Why the Hot New Shade for Green Bonds Could Be Blue
(Bloomberg) -- Few places in the world have greater need for financing to fund water projects and protect the oceans than the Indo-Pacific region, with its vast coastlines and countless islands, many at risk from rising sea levels due to climate change. Enter so-called blue bonds -- similar to wildly popular green bonds but focused on such challenges as sustainable fishing and reducing plastic waste. Pioneered in 2018 by the Seychelles, an archipelago in the Indian Ocean, the concept is still relatively rare but catching on as more nations set their sights on improving water resources and marine life. The initiatives add to an already dizzying array of ethically themed debt that’s kept growing.
1. What makes a bond blue?
Basically, it’s when the funds raised are used for a specific purpose that involves water, such as ocean preservation, sustainable fishing or waste management. Blue bonds can be considered a sub-category of environmental, social and governance (ESG) finance, with the “use of proceeds” set out in the offering documents. The securities form part of the so-called blue economy, a concept backed by the United Nations, Asia-Pacific Economic Cooperation and others that blends responsible economic growth and protecting the world’s seas.
2. Who’s selling them?
So far, not many places. The Seychelles issued the world’s first in a private placement that raised $15 million to pay for marine protection and fishery management. A year later, in 2019, Nordic Investment Bank sold its own $234 million, Swedish krona-denominated blue bond so it could support lending to projects focused on waste treatment, preventing water pollution and restoring biodiversity in the Baltic Sea. Two offshore branches of Bank of China Ltd. priced Asia’s first blue notes in the overseas market, raising a combined $961 million-equivalent in September, followed by a $450 million sale from Industrial Bank Co.’s Hong Kong branch two months later. That’s still a drop in the bucket compared with the global green bond market’s total issuance of over $1 trillion, itself just a sliver of the more than $100 trillion bond market. With its many miles of coastlines and vulnerability to climate change, experts say East Asia and the Indo-Pacific region may benefit from this type of financing.
3. What are the advantages?
Along with some other ESG bonds, blue debt can sometimes offer a so-called greenium, outperforming the broader market as fund managers around the world boost allocations to such securities. Since pricing late last year, spreads on blue dollar notes sold by the Bank of China tightened more than the broader market of Chinese investment-grade bonds, a Bloomberg Barclays index shows. It’s still early days, with few blue securities on the secondary market so far. But analysts have cited the unique appeal for investors who otherwise have limited options to put money into such projects. The rising tide of ESG enthusiasm is an extra boost.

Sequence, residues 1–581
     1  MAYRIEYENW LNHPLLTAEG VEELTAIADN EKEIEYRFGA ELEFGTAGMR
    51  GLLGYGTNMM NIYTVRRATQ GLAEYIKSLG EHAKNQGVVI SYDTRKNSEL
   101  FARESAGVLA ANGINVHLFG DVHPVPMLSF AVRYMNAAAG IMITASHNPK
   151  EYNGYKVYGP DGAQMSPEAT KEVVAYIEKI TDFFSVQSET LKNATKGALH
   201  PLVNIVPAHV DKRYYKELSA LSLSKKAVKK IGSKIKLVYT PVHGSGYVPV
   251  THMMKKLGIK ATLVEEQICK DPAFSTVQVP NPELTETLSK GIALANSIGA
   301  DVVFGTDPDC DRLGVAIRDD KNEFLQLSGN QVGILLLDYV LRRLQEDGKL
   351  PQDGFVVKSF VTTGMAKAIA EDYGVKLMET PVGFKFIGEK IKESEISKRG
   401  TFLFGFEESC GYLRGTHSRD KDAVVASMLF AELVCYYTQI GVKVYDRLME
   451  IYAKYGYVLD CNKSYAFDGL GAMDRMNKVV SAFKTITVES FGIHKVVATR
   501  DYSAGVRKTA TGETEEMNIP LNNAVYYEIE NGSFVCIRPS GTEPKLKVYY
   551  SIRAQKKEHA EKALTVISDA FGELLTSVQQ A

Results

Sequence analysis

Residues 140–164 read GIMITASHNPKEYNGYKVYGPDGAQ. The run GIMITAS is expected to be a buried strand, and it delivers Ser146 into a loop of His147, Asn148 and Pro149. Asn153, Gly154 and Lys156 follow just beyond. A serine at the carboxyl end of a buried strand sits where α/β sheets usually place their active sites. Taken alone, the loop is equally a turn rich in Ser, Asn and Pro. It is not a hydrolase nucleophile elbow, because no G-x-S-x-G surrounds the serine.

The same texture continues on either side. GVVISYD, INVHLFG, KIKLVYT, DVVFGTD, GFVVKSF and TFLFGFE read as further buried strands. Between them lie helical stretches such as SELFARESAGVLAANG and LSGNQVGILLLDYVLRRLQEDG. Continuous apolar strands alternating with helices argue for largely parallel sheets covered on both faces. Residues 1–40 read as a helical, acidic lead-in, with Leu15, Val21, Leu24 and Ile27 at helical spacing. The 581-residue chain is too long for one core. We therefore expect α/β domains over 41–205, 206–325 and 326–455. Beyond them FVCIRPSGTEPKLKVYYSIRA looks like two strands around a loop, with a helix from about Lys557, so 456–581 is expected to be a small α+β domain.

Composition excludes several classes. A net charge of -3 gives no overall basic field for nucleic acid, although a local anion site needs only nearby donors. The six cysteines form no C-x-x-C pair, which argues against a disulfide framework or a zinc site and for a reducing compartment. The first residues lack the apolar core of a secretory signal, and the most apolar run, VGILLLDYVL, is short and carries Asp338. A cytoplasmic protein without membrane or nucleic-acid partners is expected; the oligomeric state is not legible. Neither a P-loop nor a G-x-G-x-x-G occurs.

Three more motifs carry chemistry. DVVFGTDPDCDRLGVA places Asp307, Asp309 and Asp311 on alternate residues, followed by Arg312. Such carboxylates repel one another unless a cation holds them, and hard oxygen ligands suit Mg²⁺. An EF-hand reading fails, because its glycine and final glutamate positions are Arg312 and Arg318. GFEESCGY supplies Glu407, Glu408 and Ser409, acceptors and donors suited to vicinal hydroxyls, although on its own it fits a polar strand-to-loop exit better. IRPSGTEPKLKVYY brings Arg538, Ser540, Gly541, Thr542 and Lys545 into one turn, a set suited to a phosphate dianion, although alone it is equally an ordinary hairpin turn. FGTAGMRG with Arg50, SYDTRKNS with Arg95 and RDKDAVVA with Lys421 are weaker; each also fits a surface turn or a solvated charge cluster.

4. What are the challenges?
So far, issuers have relied on their own definition of what constitutes a “blue” bond, using a combination of their own ESG frameworks and international standards. That means the notes may require more oversight and disclosures on the part of issuers, and demand greater vigilance by investors to avoid a blue version of greenwashing. Blue finance projects may also require multilateral collaboration, given that pollution sources aren’t always local and also because of differing views in places about maritime boundaries. It’s hard for projects that support sustainable fishing or clean oceans to be effective unless other countries also back these efforts. This applies particularly to Southeast Asia where many countries share a coastline or are separated by relatively short stretches of ocean.
5. Who’s interested?
There’s no shortage of demand for more sustainable debt investments and blue bonds should be no different. The list of ocean-focused funds already includes Mirova’s Sustainable Oceans Fund, BNP Paribas’ Aqua fund, and the Credit Suisse Rockefeller Ocean Engagement Fund. Their investments are mostly in water-treatment and fishing-related enterprises that encourage sustainable practices. Pledges from international institutions and states to develop the blue economy are also set to boost demand. The Asian Development Bank, for instance, aims to promote blue-bond issuance through its Oceans Financing Initiative, which will expand its investments and assistance to $5 billion by 2024. The initiative also plans to facilitate revenue guarantees to reduce investor risk.
The Reference Shelf
- An ethical debt glossary, and more QuickTakes on green finance, “greenwashing” worries, and why some bonds now have a “greenium.”
- How Chanel set a new fashion in environmental bonds.
- Concerns about nature are entering sovereign debt markets, backed by the World Bank.
- How economists are trying to put a price on biodiversity.
- The ADB and the European Investment Bank are working jointly to support blue economy initiatives in the Asia-Pacific region.
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